The elegantly shaped tubing and the CNC'd headtube have trickled down from the Demo 9. The Enduro and SX Trail frames are identical with the exception of their shocks. Note - the frame pictured left was shipped frame only - the spec shown does not apply.

So to get this straight, the Enduro will be an all-mountain bike - but one that is meant to be ridden hard - harder than the old Enduro.  The SX trail, with the same travel as the Enduro, will be adorned with componentry ready for freeride nastiness - a Whistler Bike Park worthy bicycle.  The SX will be designed to be raced on the toughest 4X and dual courses on the orb.  This of course makes it ripe for dirt jumping and street applications as well.  While the Enduro and SX trail share the same geometry and frame, the SX has shorter chainstays, a lower centre of gravity and BB and only 4.2" of rear travel (designed to accept a four or five inch fork).

The SX offers 4.2 inches of rear travel.

I was fairly surprised to learn that the head angle of the Enduro and the Trail can be set at either 68.5 or 69.5 degrees. That makes sense for the all-mountain application but it seems to me that something slacker would be more appropriate for the Trail - perhaps as relaxed as 66.  I suppose those longing for a slacker stance could mount a seven inch fork.  The Trail will ship with a Marzocchi 66 in six inch trim but I could see the bike being just as happy with a Manitou Sherman Slider + dual crown or the seven inch version of the 66. It's also possible that I'm just greedy.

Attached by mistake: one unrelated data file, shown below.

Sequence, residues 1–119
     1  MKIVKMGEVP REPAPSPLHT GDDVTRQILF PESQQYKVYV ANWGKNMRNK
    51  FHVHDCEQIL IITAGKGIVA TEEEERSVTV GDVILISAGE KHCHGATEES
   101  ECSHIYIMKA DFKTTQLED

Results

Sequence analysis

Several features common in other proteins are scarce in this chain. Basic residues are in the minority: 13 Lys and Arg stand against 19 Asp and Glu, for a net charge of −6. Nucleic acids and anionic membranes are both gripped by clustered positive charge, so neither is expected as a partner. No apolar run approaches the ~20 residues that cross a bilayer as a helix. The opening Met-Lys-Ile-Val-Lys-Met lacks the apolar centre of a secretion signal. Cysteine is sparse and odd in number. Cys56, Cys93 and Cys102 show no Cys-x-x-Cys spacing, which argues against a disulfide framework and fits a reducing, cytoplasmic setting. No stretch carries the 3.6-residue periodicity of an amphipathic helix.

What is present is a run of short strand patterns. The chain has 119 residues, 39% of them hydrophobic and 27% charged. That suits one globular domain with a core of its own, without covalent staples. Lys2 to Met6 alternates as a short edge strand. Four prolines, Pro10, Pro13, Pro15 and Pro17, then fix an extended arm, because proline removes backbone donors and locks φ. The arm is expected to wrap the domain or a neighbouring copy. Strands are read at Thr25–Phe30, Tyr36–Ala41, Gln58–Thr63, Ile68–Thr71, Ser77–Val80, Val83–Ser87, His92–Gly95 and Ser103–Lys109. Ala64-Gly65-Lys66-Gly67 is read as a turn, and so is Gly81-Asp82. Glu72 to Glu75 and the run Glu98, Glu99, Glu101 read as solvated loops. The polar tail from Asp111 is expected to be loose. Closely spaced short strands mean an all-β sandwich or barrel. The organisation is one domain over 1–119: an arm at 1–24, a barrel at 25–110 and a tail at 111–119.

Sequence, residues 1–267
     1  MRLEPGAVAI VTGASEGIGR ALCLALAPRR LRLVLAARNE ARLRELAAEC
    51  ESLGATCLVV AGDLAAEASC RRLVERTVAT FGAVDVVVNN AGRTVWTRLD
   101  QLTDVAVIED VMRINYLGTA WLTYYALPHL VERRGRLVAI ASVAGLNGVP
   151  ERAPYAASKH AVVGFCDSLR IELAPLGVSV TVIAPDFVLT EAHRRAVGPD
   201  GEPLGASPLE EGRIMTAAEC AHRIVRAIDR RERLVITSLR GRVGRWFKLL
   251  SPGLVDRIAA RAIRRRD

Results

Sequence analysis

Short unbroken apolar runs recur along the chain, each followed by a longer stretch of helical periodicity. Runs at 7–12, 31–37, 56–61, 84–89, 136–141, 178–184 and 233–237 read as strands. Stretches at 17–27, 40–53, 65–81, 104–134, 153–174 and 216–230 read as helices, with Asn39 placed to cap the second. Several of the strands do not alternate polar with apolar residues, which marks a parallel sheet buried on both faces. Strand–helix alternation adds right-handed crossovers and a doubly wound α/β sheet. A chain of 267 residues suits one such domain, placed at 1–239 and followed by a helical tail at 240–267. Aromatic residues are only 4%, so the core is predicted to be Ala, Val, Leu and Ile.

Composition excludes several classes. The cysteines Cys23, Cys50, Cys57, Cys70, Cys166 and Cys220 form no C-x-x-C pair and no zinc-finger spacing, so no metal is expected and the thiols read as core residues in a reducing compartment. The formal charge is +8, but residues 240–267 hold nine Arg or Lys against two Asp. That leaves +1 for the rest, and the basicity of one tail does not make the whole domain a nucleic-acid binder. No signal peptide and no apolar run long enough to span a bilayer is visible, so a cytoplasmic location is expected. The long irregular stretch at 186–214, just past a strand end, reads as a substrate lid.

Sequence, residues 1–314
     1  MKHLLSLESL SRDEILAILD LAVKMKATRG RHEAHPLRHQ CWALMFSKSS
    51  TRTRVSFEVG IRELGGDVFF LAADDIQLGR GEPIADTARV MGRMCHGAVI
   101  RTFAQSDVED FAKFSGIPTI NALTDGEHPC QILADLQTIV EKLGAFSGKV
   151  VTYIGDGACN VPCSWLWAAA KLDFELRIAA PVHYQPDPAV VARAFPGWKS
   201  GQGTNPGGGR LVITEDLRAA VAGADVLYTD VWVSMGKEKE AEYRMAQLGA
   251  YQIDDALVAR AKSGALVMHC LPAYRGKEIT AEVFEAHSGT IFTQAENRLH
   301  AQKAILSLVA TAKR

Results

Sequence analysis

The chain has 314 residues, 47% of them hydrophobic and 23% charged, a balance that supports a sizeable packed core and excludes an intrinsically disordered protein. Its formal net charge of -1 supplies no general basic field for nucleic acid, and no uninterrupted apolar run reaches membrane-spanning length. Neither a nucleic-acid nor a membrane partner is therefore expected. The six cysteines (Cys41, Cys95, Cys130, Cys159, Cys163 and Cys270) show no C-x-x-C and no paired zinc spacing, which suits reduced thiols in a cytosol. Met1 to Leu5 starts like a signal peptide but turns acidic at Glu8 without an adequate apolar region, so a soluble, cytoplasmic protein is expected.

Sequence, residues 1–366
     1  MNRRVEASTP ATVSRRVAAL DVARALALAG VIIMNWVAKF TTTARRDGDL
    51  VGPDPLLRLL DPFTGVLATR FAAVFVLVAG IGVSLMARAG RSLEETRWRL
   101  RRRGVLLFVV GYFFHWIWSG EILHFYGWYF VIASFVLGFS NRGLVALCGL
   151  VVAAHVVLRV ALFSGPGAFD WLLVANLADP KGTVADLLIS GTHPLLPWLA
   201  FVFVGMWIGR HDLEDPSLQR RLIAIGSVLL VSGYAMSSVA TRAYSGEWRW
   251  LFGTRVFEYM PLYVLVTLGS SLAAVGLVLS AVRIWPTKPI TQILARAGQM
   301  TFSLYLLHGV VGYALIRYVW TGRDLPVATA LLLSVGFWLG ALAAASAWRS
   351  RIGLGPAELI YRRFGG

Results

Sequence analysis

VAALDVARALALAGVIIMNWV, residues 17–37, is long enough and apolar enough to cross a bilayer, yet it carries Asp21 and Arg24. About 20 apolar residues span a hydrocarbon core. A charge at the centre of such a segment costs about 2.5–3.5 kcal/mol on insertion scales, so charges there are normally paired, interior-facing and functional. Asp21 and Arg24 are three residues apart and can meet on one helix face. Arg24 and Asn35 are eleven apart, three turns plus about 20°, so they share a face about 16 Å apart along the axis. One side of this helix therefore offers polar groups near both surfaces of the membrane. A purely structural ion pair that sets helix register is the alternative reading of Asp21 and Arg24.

Another Specialized to lust over; the 2005 SX Trail

Thirty pounds seems to be a target number and both the Enduro and the SX are in that range.  The SX Trail will be closer to 35 but you could of course put it on a diet.  Opening your wallet could pretty easily save three or four pounds without much performance or durability compromise. 

The SX Trail (left) the SX and the Enduro (right)ship with custom Progressive 5th Element Shocks. The SX Trail sports a coil while the other two are air sprung.

I don't have any pricing information yet but these don't appear to be bargain rides.  The frame construction, machining, finish and attention to detail would impress the fussiest riders.  The two bikes I saw were anodized - the trail in Copper and black and the Enduro in green.  I have put long hours  on both an anodized Big Hit and a Demo and they are the most durable finishes I have ever encountered.  These bikes will look great for years to come.

Brandon stomping a big bike drop on the SX Trail.

Again I'm amazed that Specialized has managed to build a Taiwanese bike with quality and attention to detail that rivals (and often surpasses) high priced domestically produced exotics. Maybe they have a secret factory with a master race of welders, fabricators and CNC gnomes.  Perhaps we'll never know.

Keep your eyes peeled for the SX, the SX Trail and the S-Works Enduro in stores this winter.  For more on Specialized bikes (but not these ones yet) head to specialized.com.   Be sure to check out their new Freeride Section with profiles of their team of huckers. 

Keep your ears on - we'll be testing an SX Trail as soon as we can get our dirty mitts on one.

Cam McRae